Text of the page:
How It’s Done

The actual mechanics of learning to run barefoot are simple. Warm up with a barefoot walk of 5–10 minutes, then start a stopwatch and begin jogging. Your steps should be short and you should land lightly on your midfoot—not on your heel.

Opinions vary as to the best surface to start with. It might depend on how tough the soles of your feet are. If you have been walking around barefoot all summer before beginning your barefoot running, you would probably be comfortable running on a synthetic track or a smooth, hard surface such as a sidewalk.

On the other hand, if your feet are soft and tender from years of shoes and socks, you may be better off beginning your barefoot running on short grass, packed sand, or a dirt path.

Although there is no scientifically proven best way to begin your program, experts agree that it is important to run barefoot not more than every other day for at least the first month. On the days that you are not running, you should be performing a set of exercises to strengthen your core, legs, and feet. Calf, hamstring, and foot flexibility are also important.

Exercises to Prepare You

Some exercises to strengthen the intrinsic muscles of your feet and the muscles of your ankles and lower leg include:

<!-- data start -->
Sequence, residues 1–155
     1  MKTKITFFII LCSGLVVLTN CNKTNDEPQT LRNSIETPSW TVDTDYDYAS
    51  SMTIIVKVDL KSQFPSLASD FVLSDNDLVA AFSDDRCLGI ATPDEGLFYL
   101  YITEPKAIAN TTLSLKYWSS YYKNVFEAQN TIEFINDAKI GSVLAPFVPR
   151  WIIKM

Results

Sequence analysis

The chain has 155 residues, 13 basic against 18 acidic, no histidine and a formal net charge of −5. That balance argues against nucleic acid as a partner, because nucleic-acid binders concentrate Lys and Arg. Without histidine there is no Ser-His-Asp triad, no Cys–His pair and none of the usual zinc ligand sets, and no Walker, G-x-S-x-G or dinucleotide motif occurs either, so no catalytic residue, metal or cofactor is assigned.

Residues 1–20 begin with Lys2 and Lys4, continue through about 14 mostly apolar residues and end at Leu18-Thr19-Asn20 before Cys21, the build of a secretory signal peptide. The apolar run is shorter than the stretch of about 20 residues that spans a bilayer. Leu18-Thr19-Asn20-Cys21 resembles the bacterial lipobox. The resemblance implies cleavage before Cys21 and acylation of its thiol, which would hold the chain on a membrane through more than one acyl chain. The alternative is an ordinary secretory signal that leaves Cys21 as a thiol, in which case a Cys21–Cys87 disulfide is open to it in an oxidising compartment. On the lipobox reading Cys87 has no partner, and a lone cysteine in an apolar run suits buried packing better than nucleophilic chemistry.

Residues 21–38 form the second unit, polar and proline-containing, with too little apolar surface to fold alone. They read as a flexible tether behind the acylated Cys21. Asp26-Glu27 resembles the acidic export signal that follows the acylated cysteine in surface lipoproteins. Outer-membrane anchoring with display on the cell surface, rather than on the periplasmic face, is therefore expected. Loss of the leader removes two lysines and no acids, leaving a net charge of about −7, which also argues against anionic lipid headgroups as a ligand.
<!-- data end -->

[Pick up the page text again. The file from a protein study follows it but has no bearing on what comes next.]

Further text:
• Marble pick-up: While keeping your heel on the ground, rotate your foot inward and pick up a marble with your toes. Then move your foot outward and put down the marble. Repeat 20 to 30 times.

  • Tripod exercise: Sit in a chair with your knee bent and your foot flat on the floor, press your big toe downward, and hold for 5 seconds. Repeat 10 to 20 times. Progress to performing the tripod exercise while standing, then while standing on one leg, and finally, by performing a lunge while pressing your big toe downward.

  • Tripod with body rotation: Stand with feet shoulder-width apart. Perform simultaneous tripod big-toe press-downs while rotating your body first to the left and then to the right. Repeat 10 to 15 times.

  • Single leg tripod with body rotation: Stand on one foot and perform a tripod big-toe push-down while rotating your body outward (you may need to hold onto something for balance). Perform 5 to 10 times on each leg.

  • Climbers: Place your hands high up on a wall. Lift one knee high while rising up onto the toes of the opposite foot. Lower down and repeat 10 times for each leg.

  • Eccentric Achilles loading: With your knees slightly bent, rise up onto the toes of both feet, lift one foot off the ground, and slowly lower the other heel to the ground. Perform 30 to 50 times on each leg.

  • Proprioception training: Balance on one leg while standing on a 30- to 40-degree decline slant board (with your toe aiming down and a slight load off your heel).

Two Sample Progressions

Just as no two feet are alike, there is no single program to transition to barefoot running that is suitable for everyone. Here are two safe, comfortable options. Decide for yourself which of these running progressions suits you, or customize a plan that fits your experience and physical abilities. Some sources suggest that it may take up to a year to fully adapt to barefoot running.